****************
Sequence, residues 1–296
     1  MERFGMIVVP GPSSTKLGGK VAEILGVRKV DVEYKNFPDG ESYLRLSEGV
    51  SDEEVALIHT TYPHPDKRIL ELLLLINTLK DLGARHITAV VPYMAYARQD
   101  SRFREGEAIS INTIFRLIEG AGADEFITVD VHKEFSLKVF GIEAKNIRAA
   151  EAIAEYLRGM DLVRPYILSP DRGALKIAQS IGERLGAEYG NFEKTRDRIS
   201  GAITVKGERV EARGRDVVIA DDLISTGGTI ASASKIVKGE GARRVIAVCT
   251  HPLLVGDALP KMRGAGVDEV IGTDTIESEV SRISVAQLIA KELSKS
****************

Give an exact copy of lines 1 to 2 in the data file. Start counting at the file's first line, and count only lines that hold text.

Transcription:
Sequence, residues 1–296
     1  MERFGMIVVP GPSSTKLGGK VAEILGVRKV DVEYKNFPDG ESYLRLSEGV